Canada shut its land border to asylum seekers


In a bid to address the influx of asylum seekers entering Canada, the government implemented a deal earlier this year aimed at stemming the flow of individuals crossing the border irregularly from the United States. While initially appearing successful with a rapid decrease in border crossings, the latest data reveals a surprising turn of events. Instead of a decline in the overall number of asylum seekers, Canada is experiencing a surge in refugee claims, presenting challenges for the country’s immigration system. Previously, a significant number of asylum seekers entered Canada through unofficial crossings, primarily into Quebec via Roxham Road in New York, attracted by Canada’s reputation for more efficient processing and greater acceptance of asylum applications compared to the U.S.

Evolution of safe third country agreement: In response to this situation, Canada and the United States amended their long-standing asylum-seeker pact, the Safe Third Country Agreement, in March. This change expanded the agreement to cover the entire length of the countries’ 4,000-mile land border rather than just designated ports of entry, leading to a sharp decrease in the number of people intercepted at informal crossings.

However, despite the drop in unofficial border crossings, the total number of asylum seekers entering Canada has surged. Data from the immigration, refugees, and citizenship department indicates that the total number of refugee claims in Canada reached 12,010 in July, the highest monthly total since at least January 2017 and up from 10,120 in March. This increase is attributed to more people filing refugee claims at airports or local immigration department offices, often days, weeks, or months after arriving in the country.

Canada’s appeal in changing global context: Some experts suggest that Canada’s status as a relatively safe harbor amidst global pressures such as war, climate change, and human rights violations is driving this influx.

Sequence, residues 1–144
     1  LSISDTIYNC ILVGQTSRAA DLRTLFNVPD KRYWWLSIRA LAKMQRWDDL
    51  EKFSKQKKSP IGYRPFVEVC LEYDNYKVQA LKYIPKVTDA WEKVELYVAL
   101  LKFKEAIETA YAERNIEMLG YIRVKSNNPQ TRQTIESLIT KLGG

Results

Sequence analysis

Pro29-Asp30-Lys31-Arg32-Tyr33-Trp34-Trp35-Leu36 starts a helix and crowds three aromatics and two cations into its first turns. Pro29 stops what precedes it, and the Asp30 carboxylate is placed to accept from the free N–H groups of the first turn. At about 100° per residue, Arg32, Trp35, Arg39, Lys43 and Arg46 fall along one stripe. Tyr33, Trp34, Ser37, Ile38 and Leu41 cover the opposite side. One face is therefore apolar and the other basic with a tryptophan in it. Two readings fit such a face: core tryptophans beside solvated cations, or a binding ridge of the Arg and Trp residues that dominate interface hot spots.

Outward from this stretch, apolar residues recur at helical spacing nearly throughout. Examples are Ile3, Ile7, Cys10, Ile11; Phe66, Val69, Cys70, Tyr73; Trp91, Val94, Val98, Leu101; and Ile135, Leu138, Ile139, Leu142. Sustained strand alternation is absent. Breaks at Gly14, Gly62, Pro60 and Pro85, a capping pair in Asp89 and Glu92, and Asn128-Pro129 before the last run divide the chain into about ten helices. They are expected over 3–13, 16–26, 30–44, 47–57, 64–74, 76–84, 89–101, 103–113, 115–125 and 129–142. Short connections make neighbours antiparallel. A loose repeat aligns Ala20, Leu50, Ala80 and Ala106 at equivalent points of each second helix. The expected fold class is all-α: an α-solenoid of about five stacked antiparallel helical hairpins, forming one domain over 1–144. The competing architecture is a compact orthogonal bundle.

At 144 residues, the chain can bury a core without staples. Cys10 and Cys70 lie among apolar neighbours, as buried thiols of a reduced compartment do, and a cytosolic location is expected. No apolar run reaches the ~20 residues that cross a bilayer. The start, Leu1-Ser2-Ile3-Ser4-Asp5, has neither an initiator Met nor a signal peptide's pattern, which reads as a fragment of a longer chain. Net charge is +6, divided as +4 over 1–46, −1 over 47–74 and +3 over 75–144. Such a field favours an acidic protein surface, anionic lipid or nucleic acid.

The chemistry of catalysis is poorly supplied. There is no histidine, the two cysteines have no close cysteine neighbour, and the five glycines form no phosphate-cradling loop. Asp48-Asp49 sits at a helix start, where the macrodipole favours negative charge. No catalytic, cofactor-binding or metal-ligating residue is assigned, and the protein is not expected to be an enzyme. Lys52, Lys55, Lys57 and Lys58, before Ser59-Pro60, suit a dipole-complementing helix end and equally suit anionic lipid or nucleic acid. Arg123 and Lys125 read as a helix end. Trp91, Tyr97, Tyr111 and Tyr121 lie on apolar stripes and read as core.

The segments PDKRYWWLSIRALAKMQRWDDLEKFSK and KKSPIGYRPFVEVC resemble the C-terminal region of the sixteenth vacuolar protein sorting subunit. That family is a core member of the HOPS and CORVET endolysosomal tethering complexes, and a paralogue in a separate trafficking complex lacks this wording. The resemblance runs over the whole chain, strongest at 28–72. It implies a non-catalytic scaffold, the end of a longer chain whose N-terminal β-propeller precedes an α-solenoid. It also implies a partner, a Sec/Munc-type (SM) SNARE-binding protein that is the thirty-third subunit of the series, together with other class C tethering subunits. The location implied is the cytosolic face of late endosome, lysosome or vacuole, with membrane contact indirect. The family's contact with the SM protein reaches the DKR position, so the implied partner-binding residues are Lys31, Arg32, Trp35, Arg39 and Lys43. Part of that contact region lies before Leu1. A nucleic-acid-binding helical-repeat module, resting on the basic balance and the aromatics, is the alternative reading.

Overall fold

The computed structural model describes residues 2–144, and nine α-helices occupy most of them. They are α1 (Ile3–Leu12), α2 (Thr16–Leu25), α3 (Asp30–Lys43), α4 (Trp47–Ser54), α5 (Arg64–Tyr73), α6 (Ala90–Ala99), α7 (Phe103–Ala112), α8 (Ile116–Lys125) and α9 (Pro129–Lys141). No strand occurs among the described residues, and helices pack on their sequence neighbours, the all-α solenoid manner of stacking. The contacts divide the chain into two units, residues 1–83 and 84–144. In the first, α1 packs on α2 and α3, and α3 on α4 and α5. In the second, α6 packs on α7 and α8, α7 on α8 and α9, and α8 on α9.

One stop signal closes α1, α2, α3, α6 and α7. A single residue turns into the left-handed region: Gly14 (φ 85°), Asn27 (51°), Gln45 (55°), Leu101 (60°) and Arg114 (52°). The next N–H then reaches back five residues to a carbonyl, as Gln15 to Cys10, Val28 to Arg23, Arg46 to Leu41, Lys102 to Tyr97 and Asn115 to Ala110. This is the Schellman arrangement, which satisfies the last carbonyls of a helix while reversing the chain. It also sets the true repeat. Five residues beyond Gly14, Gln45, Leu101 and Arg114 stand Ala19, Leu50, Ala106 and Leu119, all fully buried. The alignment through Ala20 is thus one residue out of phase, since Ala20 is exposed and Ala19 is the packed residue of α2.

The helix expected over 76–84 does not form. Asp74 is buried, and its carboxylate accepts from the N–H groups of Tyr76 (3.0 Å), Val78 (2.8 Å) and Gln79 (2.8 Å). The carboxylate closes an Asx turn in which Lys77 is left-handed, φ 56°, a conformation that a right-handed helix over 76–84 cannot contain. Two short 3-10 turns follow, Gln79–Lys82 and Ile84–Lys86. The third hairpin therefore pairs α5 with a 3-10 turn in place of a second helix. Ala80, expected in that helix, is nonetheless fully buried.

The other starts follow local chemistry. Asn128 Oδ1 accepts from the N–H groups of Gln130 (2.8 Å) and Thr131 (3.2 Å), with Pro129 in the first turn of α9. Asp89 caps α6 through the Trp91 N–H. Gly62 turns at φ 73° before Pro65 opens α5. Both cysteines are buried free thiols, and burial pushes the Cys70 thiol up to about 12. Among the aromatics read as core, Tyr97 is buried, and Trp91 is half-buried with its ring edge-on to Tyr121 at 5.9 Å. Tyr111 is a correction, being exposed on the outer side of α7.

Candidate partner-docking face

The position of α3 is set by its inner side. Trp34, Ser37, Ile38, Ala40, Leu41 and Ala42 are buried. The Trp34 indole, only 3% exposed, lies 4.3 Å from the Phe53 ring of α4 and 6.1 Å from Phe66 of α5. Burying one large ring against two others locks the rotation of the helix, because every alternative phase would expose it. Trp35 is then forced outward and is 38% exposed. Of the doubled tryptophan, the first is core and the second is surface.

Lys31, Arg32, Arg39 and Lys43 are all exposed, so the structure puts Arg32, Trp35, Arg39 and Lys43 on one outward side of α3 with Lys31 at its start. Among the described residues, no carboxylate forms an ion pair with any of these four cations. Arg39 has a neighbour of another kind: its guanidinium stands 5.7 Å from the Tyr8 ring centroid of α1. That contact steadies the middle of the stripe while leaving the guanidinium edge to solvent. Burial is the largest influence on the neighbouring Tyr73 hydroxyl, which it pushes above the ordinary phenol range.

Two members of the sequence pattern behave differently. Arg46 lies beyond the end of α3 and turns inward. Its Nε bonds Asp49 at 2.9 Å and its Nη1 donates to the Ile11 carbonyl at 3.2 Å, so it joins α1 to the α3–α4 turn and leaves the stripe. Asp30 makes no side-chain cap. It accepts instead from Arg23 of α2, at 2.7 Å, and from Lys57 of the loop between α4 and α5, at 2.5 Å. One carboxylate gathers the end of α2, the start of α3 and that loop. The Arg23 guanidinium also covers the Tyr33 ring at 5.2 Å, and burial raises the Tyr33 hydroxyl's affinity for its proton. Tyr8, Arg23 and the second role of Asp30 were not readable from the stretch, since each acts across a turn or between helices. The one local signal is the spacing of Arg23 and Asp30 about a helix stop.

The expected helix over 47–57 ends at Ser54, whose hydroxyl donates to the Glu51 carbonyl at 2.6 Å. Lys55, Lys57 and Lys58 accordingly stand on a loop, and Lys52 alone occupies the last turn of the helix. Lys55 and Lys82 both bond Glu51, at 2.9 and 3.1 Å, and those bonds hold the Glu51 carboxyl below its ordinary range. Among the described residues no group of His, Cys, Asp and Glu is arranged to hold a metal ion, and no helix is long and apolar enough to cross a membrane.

Other nations, including the European Union and the United States, have recently introduced measures to limit asylum claims, making Canada an attractive option for those seeking refuge. Although the government amended the agreement with the U.S. to address irregular crossings, some asylum seekers are attempting to bypass the agreement’s two-week rule by crossing undetected and hiding until the exemption period expires. Advocates working with migrants warn that this approach poses risks and encourages individuals to engage with smugglers.

The closure of Canada’s land border has unintentionally shifted the asylum system’s favor toward those who can obtain visas and plane tickets, leaving some of the most vulnerable individuals unable to access Canada’s protection. This has sparked discussions about the inequity of this development in Canada’s immigration policies. Despite the challenges, individuals like Hana Bakhit from Sudan and Grace Nanziri from Uganda continue to view Canada as a beacon of hope and refuge, drawn by its reputation for protecting human rights and providing safety. Canada faces the complex task of managing its asylum system, balancing its commitment to welcoming immigrants with the practical challenges of dealing with increasing numbers of asylum seekers, even as it seeks to encourage regular immigration to address labor shortages.__Daily Times